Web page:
I had visions of Iain Gray as head of a crack team of SAS commandos. But alas in the real world the closest Iain Gray has come to the SAS is asking the cabin crew on a Scandinavian Airlines flight for another cheesy bap. Mind you, gay Swedish cabin stewards can give such nasty looks.
But what Iain didn’t say was that he was visiting those countries in his capacity as head of campaigning for a Scottish charity. Voluntary organisations don’t send their office staff into combat roles in front line battle zones on account of Health and Safety. People who need to be supervised when they use the stapler aren’t allowed near hand grenades, and even Andy Kerr doesn’t want to criminalise people for possession of an offensive pencil sharpener.
But that wasn’t Iain’s presentational problem. The real problem was that he was telling the world how doughty he was in facing down wicked warlords from Rwanda and mass murderers from Mozambique just after he and Margaret Curran had resolutely run away from worried workers from Ruchazie and a mass of mothers from Milton whom they’d attempted to fight off with baguettes and breadsticks. Not so much doughty as dough heid then.
The protestors were even less placated when they realised they’d been compared to genocidal maniacs from Rwanda and mass murderers from Mozamique. Rumour has it that the demonstrators are stocking up in Greggs the bakers for their next encounter and will assail Iain with the jam doughnut of truth and the yum-yums of democracy.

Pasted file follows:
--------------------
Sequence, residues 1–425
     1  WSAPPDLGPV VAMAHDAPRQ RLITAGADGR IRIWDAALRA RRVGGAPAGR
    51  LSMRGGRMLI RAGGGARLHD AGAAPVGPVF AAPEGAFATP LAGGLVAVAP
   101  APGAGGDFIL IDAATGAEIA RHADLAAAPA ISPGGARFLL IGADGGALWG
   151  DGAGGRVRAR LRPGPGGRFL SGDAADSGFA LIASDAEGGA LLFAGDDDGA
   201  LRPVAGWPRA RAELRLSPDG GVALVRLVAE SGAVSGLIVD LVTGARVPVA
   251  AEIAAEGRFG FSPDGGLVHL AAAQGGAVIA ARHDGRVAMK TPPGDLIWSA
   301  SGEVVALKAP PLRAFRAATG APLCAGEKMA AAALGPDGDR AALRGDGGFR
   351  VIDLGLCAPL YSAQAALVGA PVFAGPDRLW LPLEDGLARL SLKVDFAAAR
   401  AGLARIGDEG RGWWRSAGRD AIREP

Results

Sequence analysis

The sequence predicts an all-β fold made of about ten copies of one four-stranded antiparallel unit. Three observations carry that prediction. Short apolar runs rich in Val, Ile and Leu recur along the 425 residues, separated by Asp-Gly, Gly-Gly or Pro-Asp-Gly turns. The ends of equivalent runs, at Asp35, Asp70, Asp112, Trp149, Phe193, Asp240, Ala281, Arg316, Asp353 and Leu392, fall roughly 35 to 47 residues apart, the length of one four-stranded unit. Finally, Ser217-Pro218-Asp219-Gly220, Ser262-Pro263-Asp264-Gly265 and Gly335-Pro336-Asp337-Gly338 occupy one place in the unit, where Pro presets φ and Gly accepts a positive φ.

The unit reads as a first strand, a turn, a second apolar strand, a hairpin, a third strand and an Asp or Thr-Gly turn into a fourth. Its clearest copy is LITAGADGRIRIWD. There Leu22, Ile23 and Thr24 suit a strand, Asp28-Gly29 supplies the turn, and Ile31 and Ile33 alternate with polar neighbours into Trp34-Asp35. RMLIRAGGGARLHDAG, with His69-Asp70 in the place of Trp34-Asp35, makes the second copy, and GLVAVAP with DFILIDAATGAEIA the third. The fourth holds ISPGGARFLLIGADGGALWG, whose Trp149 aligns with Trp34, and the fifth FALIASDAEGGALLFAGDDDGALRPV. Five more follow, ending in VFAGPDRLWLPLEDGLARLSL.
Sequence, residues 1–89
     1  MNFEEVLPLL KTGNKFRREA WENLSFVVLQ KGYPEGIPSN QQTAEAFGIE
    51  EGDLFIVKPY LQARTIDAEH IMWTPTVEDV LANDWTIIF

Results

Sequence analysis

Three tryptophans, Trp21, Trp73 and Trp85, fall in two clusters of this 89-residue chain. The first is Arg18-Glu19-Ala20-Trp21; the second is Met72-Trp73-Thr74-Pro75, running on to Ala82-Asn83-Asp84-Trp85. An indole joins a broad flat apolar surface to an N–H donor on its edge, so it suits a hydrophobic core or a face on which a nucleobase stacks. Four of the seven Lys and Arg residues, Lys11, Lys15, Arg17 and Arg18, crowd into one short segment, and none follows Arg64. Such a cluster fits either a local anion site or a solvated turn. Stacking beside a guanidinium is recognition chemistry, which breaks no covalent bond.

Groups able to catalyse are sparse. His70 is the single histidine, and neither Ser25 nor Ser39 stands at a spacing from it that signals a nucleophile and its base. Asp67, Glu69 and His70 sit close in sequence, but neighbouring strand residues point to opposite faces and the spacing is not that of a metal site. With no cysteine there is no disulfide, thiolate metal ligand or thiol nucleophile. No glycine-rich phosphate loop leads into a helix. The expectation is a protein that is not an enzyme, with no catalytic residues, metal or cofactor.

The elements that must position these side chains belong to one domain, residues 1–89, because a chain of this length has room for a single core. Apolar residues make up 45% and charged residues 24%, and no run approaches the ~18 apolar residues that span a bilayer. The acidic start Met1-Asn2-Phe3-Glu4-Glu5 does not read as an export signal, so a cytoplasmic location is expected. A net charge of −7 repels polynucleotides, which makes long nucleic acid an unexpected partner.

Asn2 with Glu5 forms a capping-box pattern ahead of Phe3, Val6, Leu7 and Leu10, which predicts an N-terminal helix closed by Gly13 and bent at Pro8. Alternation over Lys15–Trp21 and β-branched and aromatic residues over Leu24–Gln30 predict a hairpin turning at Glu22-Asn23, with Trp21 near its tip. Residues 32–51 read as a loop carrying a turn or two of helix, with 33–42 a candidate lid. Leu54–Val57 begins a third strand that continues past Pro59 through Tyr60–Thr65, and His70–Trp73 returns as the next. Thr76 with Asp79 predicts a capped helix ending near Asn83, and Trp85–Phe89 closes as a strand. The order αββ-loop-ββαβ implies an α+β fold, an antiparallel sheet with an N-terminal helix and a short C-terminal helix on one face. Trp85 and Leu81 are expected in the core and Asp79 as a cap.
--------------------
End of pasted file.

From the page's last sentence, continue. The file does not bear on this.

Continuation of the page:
Meanwhile, Andy Kerr did his best impression of a space hopper as he bounced through an interview on Newsnicht with Gordon Brewer. It was an exercise in surrealism that would have made Salvador Dali rip off his silly moustache in frustration as he realised he was no match in the absurd for Andy Kerr. As Brewer carefully, in very short sentences using very small words, dissected the many contradictions in Kerr’s knife crime policy, Kerr nodded enthusiastically in agreement. “Thank you for making my point for me Gordon,” he bounced, oblivious to the fact that the point Gordon was making was that Andy Kerr was a bit of a balloon.
The following day Kerr’s costings were denounced as fantasy. The figures Kerr presented claimed that his proposals would save the NHS in Scotland over £3 bn, which translates into each victim of knife crime costing the NHS over £800,000 a day. Andy had obviously confused the average cost of a night in an NHS hospital with Jim Devine’s expense claims for overnight accommodation. It’s an easy mistake for a Labour politician to make.